The Numinous Anima Mundi: Healing the Climate Crisis Within: An Interview with Jeffrey Kiehl

At no other point in the history of humanity has ecological survival been so imminently threatened by climate crises. On June 3, Pacifica presents a half-day workshop, entitled Climate, Cosmology & Consciousness: From Chaos to Cosmos of three leading scholars and environmental activists for an emerging and inspired vision of a possible path forward as we shift from crisis to consciousness and chaos to cosmos. Of these, Jeffrey Kiehl will speak on “Climate Chaos and the Soul of the World.” I’m delighted to be speaking with him about his upcoming presentation.

“Our psyche is set up in accord with the structure of the universe, and what happens in the macrocosm likewise happens in the infinitesimal and most subjective reaches of the psyche.” ~ C.G. Jung

Read More

Posted in: Ecopsychology, graduate school, Pacifica Graduate Institute, world issues, The Retreat at Pacifica

Pacifica Among “Top Producing Institutions” of Fulbright U.S. Students

Posted by Angela Borda on Apr 25, 2022 11:09:38 AM

Pacifica is honored to be included on the 2021-2022 Fulbright Program “Top Producing Institutions” of Fulbright U.S. Students, as announced in The Chronicle of Higher Education on February 27, 2022. Secretary of State Antony J. Blinken congratulated Pacifica, saying, “This achievement is a testament to your institution’s deep commitment to international exchange and to building lasting connections between the people of the United States and the people of other countries.”

So what are the Fulbright Awards and why are they significant? Our Provost and Vice President of Academic Affairs, Peter M. Rojcewicz, explains, “The Fulbright Student Program is a network of some 140 nations dedicated to trans-national exchange that seeks advancement of cultural competency through academic and professional pursuit of graduate degrees, fieldwork, research, and teaching abroad. Fulbright students live with and learn from different peoples of the world, sharing daily tasks through direct interactions in classrooms, community sites, and homes of their hosts. They slowly grasp the standards various peoples use to perceive, predict, judge, and act upon their values. Learning through cultural dialog often triggers shifts in students’ world views from egocentric and ethnocentric to world-centric perspectives of planetary people.” It is also worth noting that many alumni of the program have gone on to become winners of the Nobel Prize and Pulitzer Prize, as well as serving as heads of state.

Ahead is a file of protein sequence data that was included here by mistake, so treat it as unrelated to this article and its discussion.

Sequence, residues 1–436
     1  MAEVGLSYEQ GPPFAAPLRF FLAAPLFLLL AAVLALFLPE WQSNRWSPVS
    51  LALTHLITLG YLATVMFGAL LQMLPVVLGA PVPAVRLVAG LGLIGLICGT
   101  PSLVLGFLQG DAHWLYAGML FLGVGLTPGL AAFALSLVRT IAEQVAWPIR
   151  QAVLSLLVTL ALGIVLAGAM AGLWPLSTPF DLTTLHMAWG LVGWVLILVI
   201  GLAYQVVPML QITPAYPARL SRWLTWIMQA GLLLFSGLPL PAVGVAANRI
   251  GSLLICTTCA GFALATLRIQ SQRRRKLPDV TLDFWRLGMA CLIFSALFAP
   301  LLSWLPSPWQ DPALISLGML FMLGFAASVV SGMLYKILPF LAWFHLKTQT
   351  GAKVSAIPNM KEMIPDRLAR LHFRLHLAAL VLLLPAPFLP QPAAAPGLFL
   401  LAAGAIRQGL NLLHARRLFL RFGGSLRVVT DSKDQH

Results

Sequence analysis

Read More

Posted in: graduate school, Pacifica Graduate Institute, Fulbright

Strands of Prayer: The Archetypal Artist

Posted by Angela Borda on Apr 5, 2022 12:41:14 PM

Mary Antonia Wood is the Chair of the M.A. in Depth Psychology and Creativity with Emphasis in the Arts and Humanities at Pacifica Graduate Institute, and has published The Archetypal Artist: Reimagining Creativity and the Call to Create, a book that addresses the confluence of Jungian and archetypal psychologies, the artist, the shaman, and creativity itself. I’m delighted to speak with her about her new book.

Angela: The Archetypal Artist does not shy away from the big questions, Mary! You begin the first chapter asking “What is the soul?” And more specifically, the type of soul work facilitated by the shaman, including the cave painters of Lascaux and Les Trois-Frères, the archetypal ancestors of the artist. In your estimation, what is the relationship between creativity and the soul?

Read More

Posted in: creativity, humanities, storytelling, Engaged Humanities